Phyllis Irene Fleming, da tutti affettuosamente chiamata Dimmie, è nata il 27 ottobre del 1911 a Tunbridge Wells, una cittadina una sessantina di Km a Sud di Londra, da madre norvegese e da padre inglese ed è stata una delle migliori giocatrici del suo tempo e a tutt'oggi, l'unica ad aver fatto parte della Nazionale Open del suo Paese.
Dimmie fu un nomignolo datole dalla sua grande amica e più tardi bridge partner Dorothy Pearson.
Il padre, Stanley Paris Hills era proprietario di una scuola elementare dove Dimmie conobbe per la prima volta il Bridge all'età di 9 anni per merito di suo fratello ma, quando passò alle scuole superiori perse interesse al gioco, fin quando, all'età di 19 anni, non dovette subire un'operazione di appendicite che la costrinse qualche giorno in ospedale dove incontrò un giovane giocatore americano che gli parlò del Culbertson System risvegliando il suo interesse.
Dimmie giocò per qualche anno nella Squadra B del West Kent fin quando, Graham Mathieson intuì le sue potenzialità e cominciò a curarne l'allenamento personalmente.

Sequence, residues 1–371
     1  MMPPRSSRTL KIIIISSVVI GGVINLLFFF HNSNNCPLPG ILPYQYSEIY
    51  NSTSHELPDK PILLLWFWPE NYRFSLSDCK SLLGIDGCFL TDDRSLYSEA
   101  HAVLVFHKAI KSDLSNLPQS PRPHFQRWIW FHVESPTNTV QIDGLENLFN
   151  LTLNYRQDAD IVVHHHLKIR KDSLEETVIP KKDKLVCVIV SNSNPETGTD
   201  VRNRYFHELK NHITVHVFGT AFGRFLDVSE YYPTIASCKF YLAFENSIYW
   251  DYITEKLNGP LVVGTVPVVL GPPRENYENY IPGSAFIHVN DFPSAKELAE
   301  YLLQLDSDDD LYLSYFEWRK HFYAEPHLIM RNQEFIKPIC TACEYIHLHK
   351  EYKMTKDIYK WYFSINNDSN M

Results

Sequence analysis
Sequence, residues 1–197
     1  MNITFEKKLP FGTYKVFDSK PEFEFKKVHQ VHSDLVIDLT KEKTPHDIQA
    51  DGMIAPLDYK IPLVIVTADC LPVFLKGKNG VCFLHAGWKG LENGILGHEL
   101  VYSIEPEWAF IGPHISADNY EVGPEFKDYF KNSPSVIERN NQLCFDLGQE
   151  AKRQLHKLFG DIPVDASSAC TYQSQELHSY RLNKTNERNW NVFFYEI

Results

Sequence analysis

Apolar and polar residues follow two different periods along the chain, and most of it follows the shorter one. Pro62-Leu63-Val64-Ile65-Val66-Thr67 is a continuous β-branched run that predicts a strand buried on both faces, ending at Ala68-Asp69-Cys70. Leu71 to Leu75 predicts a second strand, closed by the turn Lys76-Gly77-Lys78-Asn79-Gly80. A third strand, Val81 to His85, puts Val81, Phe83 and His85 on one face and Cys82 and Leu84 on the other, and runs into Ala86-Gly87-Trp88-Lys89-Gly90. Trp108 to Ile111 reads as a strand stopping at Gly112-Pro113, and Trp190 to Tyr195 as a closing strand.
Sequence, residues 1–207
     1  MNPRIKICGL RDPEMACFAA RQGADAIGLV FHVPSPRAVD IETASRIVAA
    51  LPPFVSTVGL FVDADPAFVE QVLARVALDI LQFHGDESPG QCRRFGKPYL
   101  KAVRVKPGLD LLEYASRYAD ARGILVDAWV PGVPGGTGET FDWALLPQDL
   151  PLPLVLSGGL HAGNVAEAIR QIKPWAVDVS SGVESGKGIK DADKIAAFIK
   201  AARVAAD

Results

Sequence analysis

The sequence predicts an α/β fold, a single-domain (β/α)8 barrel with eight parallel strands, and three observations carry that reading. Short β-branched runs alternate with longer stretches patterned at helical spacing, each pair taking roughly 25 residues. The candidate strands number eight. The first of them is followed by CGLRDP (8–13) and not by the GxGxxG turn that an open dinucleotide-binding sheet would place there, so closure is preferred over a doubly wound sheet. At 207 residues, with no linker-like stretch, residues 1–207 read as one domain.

Nel 1934 sposò Arthur Fleming (nella foto assieme a lei) un giocatore rinomato che aveva quasi venti anni più di lei.
Nel periodo bellico trascurò di nuovo il gioco per dedicarsi alla cura della sorellina Sheila nata nel 1943.
Nel 1947 fece il suo esordio internazionale partecipando al primo Campionato Europeo a Squadre del dopoguerra e da quel momento il suo palmares si arricchì di prestigiosi successi sia in Patria che all'estero.
Fu Campionessa Europea a Squadre nel 1951, 52, 59 e 63 e Campionessa Olimpica nel 1964. Fu anche segretaria della English Bridge Union dal 1955 al 1974.
È stata l'unica donna inglese ad avere vinto una medaglia ai Campionati Europei giocando nella formazione open in coppia con lo scienziato Swinnerton-Dyer (l'argento nel 1953 ad Helsinki) ed una delle sole due europee capaci di tanto (l'altra è la danese Dorthe Schaltz nel 1993).
Quando il marito morì nel 1980, Dimmie continuò a giocare con Vida Bingham con la quale ha gestito in società una cartoleria fino al 1987 quando i suoi occhi e la sua memoria cominciarono ad abbandonarla e lei si ritirò nella casa dell'amica nell'East Sussex dove si spense il 5 settembre del 1996.
La Federazione ha istituito in suo ricordo un premio annuale per le figure che più si distinguono nella promozione del bridge.
Dimmie Fleming was for almost 20 years ‘Mrs Bridge’, running the English Bridge Union from her home, as secretary from 1955 to 1974. She also was the first woman to play in a British open team.